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'I Remember It Started As A Roar:' This Mom Was 5 Years Old When The 1990 Baguio Earthquake Happened
PHOTO BY WIKIPEDIA and RM URQUICO
  • On Wednesday, July 27, 2022, an intensity 7.0 earthquake struck Luzon, resulting in loss of life, injuries, and damage to structures in different parts across the island. It was so powerful that the quake was felt all the way up to Metro Manila. It was a grim reminder of the unpredictability and power of nature.

    It brought back tremendous memories of an earlier quake, in 1990, when I was a young girl. Most Baguio natives can probably tell you where they were, and what they were doing the moment the 7.7 earthquake hit the city.  It was a defining moment for the city and its people.

    A thousand crashing rocks

    I was four or five years old. We were watching Dyesebel on our tiny television, in the only room with a TV. I had just come home from school and was likely still wearing my uniform. My sister Asia and I were pretending to be mermaids, swimming on the sheets. My other sister Jasmine was still a baby and our helper, Ate Clarita, was rocking her as we watched.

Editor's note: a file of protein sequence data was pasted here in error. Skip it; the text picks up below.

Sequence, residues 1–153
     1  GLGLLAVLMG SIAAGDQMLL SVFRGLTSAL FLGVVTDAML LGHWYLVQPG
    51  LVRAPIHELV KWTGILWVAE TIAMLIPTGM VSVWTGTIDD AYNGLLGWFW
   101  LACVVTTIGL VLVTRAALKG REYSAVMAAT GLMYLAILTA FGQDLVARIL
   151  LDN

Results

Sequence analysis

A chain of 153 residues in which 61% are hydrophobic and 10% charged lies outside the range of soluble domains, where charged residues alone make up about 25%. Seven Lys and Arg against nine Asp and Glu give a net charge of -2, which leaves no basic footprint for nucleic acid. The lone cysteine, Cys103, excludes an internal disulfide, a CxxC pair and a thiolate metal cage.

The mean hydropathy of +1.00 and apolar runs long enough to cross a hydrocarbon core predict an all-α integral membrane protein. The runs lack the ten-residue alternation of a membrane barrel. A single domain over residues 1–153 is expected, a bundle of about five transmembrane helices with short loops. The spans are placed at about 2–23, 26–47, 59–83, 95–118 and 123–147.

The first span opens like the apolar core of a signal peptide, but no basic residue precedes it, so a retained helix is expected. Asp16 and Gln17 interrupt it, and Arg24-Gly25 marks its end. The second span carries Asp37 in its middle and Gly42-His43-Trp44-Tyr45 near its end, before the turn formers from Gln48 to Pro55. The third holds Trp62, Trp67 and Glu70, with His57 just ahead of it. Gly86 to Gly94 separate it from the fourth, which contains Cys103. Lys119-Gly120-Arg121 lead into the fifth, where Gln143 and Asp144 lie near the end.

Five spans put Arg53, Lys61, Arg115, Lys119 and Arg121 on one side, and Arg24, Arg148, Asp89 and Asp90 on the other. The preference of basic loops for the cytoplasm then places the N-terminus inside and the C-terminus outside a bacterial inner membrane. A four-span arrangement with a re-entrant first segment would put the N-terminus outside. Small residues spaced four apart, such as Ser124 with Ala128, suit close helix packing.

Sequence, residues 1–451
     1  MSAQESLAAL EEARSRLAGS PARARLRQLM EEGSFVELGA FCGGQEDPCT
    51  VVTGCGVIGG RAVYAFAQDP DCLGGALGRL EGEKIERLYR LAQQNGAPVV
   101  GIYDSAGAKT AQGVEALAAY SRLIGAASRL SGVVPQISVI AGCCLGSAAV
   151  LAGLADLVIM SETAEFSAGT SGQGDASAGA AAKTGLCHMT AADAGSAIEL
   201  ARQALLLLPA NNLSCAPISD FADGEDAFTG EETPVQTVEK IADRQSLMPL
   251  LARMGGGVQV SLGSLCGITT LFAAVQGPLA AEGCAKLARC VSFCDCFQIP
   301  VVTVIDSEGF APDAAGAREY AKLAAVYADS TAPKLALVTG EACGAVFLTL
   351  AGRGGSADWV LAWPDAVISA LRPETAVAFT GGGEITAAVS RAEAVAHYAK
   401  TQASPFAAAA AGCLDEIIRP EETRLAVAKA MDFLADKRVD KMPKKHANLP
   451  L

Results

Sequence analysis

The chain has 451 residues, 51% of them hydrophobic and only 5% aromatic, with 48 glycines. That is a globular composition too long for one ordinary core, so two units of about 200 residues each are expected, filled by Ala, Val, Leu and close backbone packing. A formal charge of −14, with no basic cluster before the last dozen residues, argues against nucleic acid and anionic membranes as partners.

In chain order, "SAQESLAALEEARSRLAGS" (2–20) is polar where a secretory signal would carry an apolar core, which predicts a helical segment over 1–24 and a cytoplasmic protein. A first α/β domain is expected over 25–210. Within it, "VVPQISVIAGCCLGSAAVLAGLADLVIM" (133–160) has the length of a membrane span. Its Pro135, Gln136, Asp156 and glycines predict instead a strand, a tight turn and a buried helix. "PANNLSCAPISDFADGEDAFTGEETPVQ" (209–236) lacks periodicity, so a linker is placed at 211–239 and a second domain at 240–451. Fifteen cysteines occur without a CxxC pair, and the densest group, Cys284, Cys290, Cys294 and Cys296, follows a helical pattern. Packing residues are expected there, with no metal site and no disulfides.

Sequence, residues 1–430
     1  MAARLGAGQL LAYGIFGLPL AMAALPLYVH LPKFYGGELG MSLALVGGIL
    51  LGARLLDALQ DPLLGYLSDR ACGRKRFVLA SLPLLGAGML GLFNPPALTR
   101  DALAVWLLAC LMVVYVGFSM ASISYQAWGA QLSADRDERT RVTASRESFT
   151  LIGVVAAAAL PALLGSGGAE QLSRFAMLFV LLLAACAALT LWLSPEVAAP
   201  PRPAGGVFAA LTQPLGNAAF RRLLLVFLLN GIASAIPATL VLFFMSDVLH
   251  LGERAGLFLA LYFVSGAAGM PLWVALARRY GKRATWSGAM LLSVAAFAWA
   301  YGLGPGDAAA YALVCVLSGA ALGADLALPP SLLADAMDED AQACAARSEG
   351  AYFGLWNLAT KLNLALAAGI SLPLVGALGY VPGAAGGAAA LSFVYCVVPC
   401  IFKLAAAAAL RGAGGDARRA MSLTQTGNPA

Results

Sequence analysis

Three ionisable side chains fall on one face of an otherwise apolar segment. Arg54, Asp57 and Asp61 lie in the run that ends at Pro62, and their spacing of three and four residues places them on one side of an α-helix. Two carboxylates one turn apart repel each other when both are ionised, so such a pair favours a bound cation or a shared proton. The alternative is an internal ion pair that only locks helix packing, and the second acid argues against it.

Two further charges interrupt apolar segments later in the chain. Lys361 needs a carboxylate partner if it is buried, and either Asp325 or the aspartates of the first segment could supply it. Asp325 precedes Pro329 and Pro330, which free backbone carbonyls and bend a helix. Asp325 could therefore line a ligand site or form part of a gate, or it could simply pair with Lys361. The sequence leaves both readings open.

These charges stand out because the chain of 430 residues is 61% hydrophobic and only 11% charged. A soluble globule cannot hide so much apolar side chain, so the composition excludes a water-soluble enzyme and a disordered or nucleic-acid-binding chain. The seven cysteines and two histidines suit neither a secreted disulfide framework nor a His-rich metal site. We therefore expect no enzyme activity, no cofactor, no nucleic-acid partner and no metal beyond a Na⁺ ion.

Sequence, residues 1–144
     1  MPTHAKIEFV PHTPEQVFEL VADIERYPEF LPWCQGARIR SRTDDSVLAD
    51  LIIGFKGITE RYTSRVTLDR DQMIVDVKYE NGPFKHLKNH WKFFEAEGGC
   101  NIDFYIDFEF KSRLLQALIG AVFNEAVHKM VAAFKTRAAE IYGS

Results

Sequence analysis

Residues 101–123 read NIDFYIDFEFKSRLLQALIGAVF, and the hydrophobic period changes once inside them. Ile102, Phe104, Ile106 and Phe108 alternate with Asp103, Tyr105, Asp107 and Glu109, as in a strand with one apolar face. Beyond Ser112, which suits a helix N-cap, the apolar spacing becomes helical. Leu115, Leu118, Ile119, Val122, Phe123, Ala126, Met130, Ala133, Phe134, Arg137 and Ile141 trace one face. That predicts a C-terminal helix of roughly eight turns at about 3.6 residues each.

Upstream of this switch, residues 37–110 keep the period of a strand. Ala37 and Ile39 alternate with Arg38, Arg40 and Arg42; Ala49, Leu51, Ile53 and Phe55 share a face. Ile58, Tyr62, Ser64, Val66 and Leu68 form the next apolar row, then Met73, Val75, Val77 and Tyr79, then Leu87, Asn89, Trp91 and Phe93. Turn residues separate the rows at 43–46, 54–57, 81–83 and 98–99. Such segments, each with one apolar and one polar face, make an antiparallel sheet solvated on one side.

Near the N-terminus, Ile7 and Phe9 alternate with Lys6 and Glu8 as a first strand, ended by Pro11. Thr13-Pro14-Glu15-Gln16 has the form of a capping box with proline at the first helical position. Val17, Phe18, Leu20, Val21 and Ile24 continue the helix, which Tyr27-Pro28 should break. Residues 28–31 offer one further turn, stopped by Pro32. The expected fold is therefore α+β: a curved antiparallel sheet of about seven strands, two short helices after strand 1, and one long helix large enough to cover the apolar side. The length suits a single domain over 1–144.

Later in life, Jasmine would become a geologist and tell me that the intensity of the earthquake was 6.9 or 7.1, depending on the measurement.

    I remember it started as a roar, like a great beast knelt by our window and bellowed into it. It was a horrifying rumble of a thousand crashing rocks.

    The earth leapt and the bed began to shake. I remember hanging on and panicking. I must have been screaming, but that part I don't remember.

    I sat frozen in the middle of the mattress until Ate Clarita shrieked for me to head over where they huddled under the door jamb. I remember looking for my slippers and making my way to her. I remember that she carried us out the door, rushed through the hallway, and ran out the front door. The ground heaved up, trying to buck us off. The earth will split open just like in the cartoons, I thought. We will get swallowed up and no one will ever see us again.

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    RELATED: 'My Daughter And I Were On The 33rd Floor When The Earthquake Happened. We Were Not Prepared'

    I recall watching my mother jumping over the concrete walls because our gate had fallen over. I remember the rush of relief I felt when I saw her.

    The walls had crumbled. She had been having a coffee with a friend in the neighborhood. I remember running into the yard with them.  They had taken shelter under a door jamb when she urged them to go outside. “My friend was pregnant,” my mom Elaine said. “I told them ‘labas tayo’ and we rushed outside. When the second one hit, we fell to the ground like dominoes.”

    An unforgettable Monday